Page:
On Driving the Same Car
I have driven the same car for 22 years.
I bought it, new, before Trump and Brexit. Before David Cameron and Nick Clegg. Before even Tony Blair was Prime Minister.
Before iPhones. Before the turn of the millennium. When the world wide web was not yet 4 years old.
Before Diana died. Before George Bush: when Bill Clinton was in his first term.
When James was two and Alex was on the way.
When I was thirty years old.
It’s a car of complex ontology. It is a mobile sitting room, a reservoir of memory, a symbol of intent, a message, a claim. It is a BMW. I was lucky. It was the 1990s. That sort of thing happened in those days.
Perhaps I am keeping it out of guilt? Guilt that it is so wholly and manifestly unsustainable?
This week the T-charge took effect. (These things tend to happen at half-term, I find.) The T-charge is of course a totally laudable and important initiative that I wholeheartedly endorse.
My ancient machine falls foul of its circumscriptions and so, should I decide to drive through central London, I shall incur an additional fee on top of the existing Congestion Charge.
So, yes, I drive a polluting car. To which my riposte is something to do with the embodied energy and resources in my vehicle compared to the alternative had I bought (on the basis of the industry-construct three-year replacement cycle) six or seven other cars in the meantime. I probably also talk about the employment of skilled engineers associated with the ongoing maintenance of my car, the very fact that maintenance rather than replacement is being undertaken, the fact that it’s not – ahem – a diesel, and so forth.
If I was feeling really belligerent I might start talking about the low-mileage (fewer than 7,000 miles per year) but that’s unlikely. Normally I’d go all soppy and talk about the fact that you can tip an entire family and its luggage into a big BMW and drive it for as far as you want in reasonable comfort. About feeling as if I’m putting on my favourite jumper whenever I sit in it again after some sort of break. About knowing its shape and size and weight and character so well that when I drive it I feel like a cat.
(And it’s built like a tank and it’s got a fuck-off hi-fi and it has a straight-six engine with no turbo and it goes around bends like I’m from Essex and it can – if requested – go very fast.)
Until a tyre destroyed itself.
‘De-lamination’ apparently. Bloody scary explosive noise from the back of the car while doing 75 on the M1 is what it felt like.
I was, yet again, lucky. Rear tyre, inside lane, light traffic, no passengers: it could have been much, much worse.
Ironically – I discover – the tyre that failed was the previous spare, put on a year or two back after twenty-odd years in the boot. A tyre kept at pressure but not used becomes brittle, apparently. Irony upon irony.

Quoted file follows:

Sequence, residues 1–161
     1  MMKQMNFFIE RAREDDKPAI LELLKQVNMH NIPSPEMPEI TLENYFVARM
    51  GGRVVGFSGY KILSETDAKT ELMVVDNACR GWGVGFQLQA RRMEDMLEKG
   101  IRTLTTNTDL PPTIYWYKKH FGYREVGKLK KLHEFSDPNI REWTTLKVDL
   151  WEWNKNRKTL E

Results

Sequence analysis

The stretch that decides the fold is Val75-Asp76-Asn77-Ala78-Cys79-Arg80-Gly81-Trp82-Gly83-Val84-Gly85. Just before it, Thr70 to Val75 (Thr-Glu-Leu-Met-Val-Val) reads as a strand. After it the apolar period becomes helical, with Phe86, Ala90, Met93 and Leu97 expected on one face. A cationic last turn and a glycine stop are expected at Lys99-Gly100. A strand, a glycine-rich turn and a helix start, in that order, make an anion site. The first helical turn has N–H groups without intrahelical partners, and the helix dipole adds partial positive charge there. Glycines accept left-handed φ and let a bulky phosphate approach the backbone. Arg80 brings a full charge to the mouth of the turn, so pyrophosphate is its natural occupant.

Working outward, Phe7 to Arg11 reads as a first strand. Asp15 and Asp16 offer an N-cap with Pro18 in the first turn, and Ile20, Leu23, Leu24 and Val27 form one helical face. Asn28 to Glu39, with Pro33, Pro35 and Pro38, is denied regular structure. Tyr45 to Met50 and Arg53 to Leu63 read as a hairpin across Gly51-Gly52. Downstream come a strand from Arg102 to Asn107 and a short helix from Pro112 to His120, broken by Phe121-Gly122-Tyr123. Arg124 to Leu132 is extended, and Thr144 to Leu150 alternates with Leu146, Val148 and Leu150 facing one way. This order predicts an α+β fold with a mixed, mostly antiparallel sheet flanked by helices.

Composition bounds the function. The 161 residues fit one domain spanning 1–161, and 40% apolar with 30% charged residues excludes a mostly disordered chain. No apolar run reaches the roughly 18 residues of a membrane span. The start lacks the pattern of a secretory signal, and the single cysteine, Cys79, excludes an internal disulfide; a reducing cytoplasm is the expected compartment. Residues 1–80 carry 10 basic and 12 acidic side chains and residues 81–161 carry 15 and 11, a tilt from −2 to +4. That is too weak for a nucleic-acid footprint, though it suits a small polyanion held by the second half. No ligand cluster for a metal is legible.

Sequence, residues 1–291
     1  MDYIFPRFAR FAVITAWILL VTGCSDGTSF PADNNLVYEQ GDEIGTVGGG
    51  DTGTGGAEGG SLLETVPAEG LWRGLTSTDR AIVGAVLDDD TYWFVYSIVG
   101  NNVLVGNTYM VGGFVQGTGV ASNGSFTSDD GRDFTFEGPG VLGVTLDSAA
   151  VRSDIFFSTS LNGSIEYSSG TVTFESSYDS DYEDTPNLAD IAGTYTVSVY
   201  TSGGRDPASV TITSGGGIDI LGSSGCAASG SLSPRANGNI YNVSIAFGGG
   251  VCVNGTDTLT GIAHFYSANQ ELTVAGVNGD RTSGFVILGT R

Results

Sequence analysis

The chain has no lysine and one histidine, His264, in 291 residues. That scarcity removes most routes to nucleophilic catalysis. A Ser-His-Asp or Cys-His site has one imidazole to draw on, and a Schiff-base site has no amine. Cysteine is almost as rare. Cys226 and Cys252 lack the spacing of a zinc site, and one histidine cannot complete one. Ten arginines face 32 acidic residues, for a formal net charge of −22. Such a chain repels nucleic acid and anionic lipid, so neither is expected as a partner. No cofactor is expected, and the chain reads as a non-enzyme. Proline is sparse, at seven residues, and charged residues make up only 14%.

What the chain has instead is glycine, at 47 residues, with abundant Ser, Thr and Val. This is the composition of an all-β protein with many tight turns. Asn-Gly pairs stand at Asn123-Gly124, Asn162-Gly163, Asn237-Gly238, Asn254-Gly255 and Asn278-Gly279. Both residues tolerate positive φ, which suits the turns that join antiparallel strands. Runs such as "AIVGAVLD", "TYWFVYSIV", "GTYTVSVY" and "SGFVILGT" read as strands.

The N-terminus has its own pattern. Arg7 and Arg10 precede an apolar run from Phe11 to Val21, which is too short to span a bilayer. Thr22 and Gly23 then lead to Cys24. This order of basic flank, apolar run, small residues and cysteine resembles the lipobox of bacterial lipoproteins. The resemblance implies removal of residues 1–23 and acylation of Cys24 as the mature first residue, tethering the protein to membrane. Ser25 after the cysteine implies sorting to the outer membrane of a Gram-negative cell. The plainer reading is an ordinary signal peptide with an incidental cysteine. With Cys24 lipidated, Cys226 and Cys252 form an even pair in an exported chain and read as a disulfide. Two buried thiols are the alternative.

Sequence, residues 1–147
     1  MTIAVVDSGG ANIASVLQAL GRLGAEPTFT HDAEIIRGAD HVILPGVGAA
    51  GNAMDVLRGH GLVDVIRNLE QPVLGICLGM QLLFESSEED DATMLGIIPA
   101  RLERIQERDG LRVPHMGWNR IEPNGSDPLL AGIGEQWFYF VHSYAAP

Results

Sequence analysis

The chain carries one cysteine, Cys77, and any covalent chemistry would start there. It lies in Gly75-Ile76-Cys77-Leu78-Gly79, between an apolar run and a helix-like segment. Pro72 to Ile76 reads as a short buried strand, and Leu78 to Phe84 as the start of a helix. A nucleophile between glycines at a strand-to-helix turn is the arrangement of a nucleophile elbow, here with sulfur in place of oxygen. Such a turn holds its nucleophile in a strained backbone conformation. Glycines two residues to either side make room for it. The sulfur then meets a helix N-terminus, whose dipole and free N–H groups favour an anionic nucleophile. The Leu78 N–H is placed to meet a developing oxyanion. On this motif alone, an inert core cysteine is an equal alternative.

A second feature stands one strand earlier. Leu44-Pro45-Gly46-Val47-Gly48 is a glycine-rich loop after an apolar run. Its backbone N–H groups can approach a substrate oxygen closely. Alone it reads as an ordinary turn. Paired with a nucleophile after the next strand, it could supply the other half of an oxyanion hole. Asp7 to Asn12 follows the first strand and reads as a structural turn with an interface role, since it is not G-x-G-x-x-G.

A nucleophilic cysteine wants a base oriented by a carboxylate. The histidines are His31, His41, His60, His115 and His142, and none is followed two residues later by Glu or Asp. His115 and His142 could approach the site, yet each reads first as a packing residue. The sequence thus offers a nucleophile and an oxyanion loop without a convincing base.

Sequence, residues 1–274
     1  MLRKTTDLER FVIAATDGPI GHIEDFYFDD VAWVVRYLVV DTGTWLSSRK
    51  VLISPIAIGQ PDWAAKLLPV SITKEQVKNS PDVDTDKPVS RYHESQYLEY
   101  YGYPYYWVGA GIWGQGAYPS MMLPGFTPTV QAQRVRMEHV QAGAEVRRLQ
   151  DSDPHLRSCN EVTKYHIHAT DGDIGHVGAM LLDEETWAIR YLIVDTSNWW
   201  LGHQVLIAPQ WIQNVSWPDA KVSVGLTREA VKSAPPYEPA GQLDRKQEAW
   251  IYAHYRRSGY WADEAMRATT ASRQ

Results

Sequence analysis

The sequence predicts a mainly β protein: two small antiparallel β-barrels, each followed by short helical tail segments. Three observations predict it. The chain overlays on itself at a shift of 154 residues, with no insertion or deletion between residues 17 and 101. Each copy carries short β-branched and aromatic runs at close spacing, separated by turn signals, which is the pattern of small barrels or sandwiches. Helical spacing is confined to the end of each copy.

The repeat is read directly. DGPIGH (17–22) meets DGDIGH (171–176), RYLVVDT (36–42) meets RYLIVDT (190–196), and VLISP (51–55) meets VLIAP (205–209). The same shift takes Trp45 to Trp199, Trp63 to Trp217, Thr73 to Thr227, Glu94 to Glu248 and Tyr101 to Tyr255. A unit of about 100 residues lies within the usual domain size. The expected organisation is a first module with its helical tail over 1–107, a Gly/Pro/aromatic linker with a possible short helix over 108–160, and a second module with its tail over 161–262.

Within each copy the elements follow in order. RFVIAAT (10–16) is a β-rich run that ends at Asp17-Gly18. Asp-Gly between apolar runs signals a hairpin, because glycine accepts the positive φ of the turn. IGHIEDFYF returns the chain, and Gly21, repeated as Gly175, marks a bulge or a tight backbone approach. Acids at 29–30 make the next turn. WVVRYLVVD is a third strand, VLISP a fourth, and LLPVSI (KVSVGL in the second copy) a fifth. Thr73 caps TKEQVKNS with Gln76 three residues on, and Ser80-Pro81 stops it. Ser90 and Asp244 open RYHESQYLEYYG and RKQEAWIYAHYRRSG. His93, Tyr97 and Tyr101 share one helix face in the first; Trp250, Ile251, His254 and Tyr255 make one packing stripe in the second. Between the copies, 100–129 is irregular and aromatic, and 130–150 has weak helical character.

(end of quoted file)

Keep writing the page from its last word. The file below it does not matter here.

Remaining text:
Meanwhile, back at the ranch, the car keeps going. A variety of small toys adorn the dashboard: a convoy of die-cast cars, a pair of penguins, a plastic action figure with a rifle. Partially blocking the speedometer is a Lego Star Wars figurine – a storm trooper, I believe – given me as an angel by a strange lady from Spain.
The flat bit in the back of the car, under the rear windscreen and behind the rear passenger headrests (what is that bit called?) is kept warm by a variety of twigs, bark and pebbles. The boot contains (in addition to a shredded tyre) sundry shoes, bottles of sunscreen, spare bulbs, a snooker cue, several jars of pickle, a few tennis balls (and a carefully-sized box for catching the tennis balls), oil, rope, string, an old shirt, and so on.
The front air vent is partially blocked by a hazel wand. (I went into a hazel wand because a fire was in my head and cut and peeled a hazel wand, etcetera.)
A single Kevin minion hangs from the rear view mirror, maintaining order.
The car is bruised and chipped in various places. I had what Jon called ‘a proper accident’ some years ago. I’d taken it for a spin, rural roads, light rain, a soft right turn at the top of a low hill, I misjudged the exit and had a profound disagreement with the hedgerow. The passenger side took a beating. No-one was around, I was shaken but unhurt, the car limped home and was duly repaired.
Except the electronics never fully recovered. (I stress electronics – there is no on-board computer, just some dot-matrix monitoring of oil and lights and water.) To this day the car believes that the brake lights are not working and – about three-quarters of the time – thinks that the coolant level is too low. Recently it developed a new trait, whereby the car will unlock itself when I indicate right. Not all the time, mind, just occasionally.
The car may have a personality, but it is not a person. It is not ‘she’ and does not have a name.
It has always been serviced at the same garage and from time to time they tell me, with some delight, how much I have spent so far. It is a lot – but it remains much less than if I’d bought new cars instead.
One day, perhaps, the fine people at the garage (“Hello Mr Fell, lovely to see you again!”) will tell me that no more can be done. One day, perhaps, the left phalange will finally give up the ghost and the cost of repair will defeat me. One day, perhaps, I will simply look at the great machine and know that enough is enough: it is time to retire.
Until then – key in the ignition. We’re off to Wales. The tank is full and the tyres are tight. The playlist has been chosen...